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Currentfilm.com Review:

Director Roland Emmerich's follow-up to 2004's "Day After Tomorrow" is a prehistoric epic that goes light on the script, but comes fully loaded with some superb visual effects work. It should come as no surprise with a big-budget popcorn flick such as this that historians are going to have an issue or two with the way that history is portrayed. While Emmerich seems to think he's trying for something weightier here, it's still as much a mindless blockbuster ride as his other efforts.

The picture opens with a voiceover introducing D'Leh (Steven Strait) and Evolet (Camilla Belle), a young couple who become separated early on - there's initially a conflict in the tribe, but then she's taken by hunters not long afterwards. So, he runs away from the tribe, setting off across the land in order to try and save Evolet, encountering all manner of beasts (setting free a tiger that was previously about to eat him, he scolds, "Do not eat me when I set you free!" The tiger then should have said, "Well, gee...okay, I guess I see your point.") and obstacles. The tiger, not surprisingly, comes in as a useful ally not too long afterwards.

The movie's problem isn't the visuals, as the movie certainly has the epic visuals and CGI that one might expect from a big-budget flick. However, an adventure film is really only very exciting if we care about the characters, and that's one aspect where the picture falls short. There's really not a great deal to the picture aside from D'Leh's journey across quite varied terrain, and if the character is both blandly played and underwritten, what adventure there is here just doesn't capture the interest like it should.

The performances aren't enough to make up for the underdeveloped characters, with Strait and Belle offering fairly bland performances that are often overshadowed by the film's grand visuals. Additionally, the lackluster dialogue - there's quite a few unintentionally funny lines throughout the movie - doesn't exactly help things, either.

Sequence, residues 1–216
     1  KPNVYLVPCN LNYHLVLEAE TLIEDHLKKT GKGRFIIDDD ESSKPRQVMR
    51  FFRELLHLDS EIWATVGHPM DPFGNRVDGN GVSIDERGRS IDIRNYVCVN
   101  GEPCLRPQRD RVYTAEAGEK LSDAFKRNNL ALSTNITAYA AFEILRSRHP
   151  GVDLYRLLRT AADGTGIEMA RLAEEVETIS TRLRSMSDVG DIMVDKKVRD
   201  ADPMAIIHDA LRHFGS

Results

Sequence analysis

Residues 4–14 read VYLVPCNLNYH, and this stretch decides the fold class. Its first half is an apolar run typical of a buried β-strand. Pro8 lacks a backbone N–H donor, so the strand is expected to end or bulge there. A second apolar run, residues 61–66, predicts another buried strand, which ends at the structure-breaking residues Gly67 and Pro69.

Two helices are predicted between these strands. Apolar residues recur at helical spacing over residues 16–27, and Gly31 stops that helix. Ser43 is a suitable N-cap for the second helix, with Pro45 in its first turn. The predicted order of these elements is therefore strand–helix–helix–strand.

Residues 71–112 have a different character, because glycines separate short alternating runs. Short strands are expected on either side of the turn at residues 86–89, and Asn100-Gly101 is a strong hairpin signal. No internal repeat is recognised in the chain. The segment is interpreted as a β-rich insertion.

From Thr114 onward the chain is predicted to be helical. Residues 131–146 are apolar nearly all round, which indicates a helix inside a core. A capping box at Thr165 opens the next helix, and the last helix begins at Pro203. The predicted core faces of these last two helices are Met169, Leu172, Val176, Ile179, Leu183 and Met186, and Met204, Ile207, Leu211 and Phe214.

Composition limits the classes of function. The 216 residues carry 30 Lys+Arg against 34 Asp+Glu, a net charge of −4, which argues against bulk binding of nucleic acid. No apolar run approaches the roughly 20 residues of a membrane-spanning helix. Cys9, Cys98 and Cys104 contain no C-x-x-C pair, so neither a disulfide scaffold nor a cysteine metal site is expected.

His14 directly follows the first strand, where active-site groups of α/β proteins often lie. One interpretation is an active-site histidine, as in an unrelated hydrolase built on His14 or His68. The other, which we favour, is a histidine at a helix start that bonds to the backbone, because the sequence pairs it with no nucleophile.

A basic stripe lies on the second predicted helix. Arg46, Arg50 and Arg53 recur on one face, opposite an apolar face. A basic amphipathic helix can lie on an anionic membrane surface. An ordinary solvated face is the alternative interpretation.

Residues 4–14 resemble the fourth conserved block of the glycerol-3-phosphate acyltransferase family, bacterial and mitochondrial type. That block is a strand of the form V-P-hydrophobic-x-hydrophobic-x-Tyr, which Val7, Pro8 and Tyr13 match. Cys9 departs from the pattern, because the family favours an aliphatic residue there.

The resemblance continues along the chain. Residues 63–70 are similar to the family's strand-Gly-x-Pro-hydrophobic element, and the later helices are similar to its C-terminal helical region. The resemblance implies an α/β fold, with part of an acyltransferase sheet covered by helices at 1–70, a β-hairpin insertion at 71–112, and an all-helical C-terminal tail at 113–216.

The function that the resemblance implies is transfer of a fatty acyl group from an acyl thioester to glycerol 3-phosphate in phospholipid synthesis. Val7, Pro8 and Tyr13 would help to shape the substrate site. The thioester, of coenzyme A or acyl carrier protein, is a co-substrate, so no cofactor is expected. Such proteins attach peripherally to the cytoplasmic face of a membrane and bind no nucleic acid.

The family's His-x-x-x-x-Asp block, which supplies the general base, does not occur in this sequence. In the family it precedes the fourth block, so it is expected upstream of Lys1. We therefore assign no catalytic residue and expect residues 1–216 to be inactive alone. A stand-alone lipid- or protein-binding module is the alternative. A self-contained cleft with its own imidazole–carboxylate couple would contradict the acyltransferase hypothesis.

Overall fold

While I've liked Emmerich's films in the past - "Day After Tomorrow" and "Independence Day" being two examples I've found particularly entertaining - "10,000 BC" remains something of a disappointment. The spectacle is there, but the movie is simply an example of why there needs to be some substance behind the spectacle in movies like this.


VIDEO: "10,000 BC" is presented by Warner Brothers in 2.35:1 (1080p/VC-1). This is a stunner of a transfer, as the picture appeared rock solid throughout the show, with excellent detail and defintion. Small object detail was also impressive throughout much of the film. The picture boasted very pleasing depth, as well. Problems were limited to a couple of slight instances of artifacting - no edge enhancement print flaws or other concerns were spotted. Colors looked bold and richly saturated, with no smearing or other faults. Black level also remained spot-on throughout the show. Overall, aside from a few minor faults, this was an excellent high definition presentation.

SOUND: "10,000 BC" is presented in Dolby TrueHD 5.1. While the movie wasn't exactly one of the finest films I've seen recently, the film's audio is certainly the most exciting sound mix I've had the pleasure to sit through in quite some time. Surrounds are used very aggressively to provide various sound effects (animals stomping through the scene, etc), ambience and other elements. Surrounds were almost always used throughout the picture and the mix remained quite enveloping. Bass - especially during a hunting scene early in the picture - is incredibly powerful at times. Audio quality was terrific, with crisp, clear dialogue and punchy, clean effects.

EXTRAS: Deleted scenes (including an alternate ending), "A Wild and Wooly Ride" featurette and "Inspiring an Epic" featurette. The two featurettes are largely promotional fare and don't go into too much depth. While Emmerich isn't the best at doing commentaries, it is a little surprising that this is his first film - that I'm aware of, at least - where he hasn't provided a commentary track.

Final Thoughts: "10,000 BC" is a miss for Emmerich, as while the picture is visually spectacular at times, there's just not much story at all and the thinly written characters (and lackluster performances) make it difficult to become involved. The Blu-Ray offers up stellar audio/video quality, but extras are minimal.

Film Grade
The Film C-
DVD Grades
Video 94/A
Audio: 95/A
Extras: 70/C-

DVD Information

10,000 BC (Blu-Ray)
Warner Brothers Home Entertainment
Dolby TrueHD 5.1
Dolby Digital 5.1
109 minutes
Subtitles: English/
Rated PG-13
Available At Amazon.com: 10,000 BC (Blu-Ray)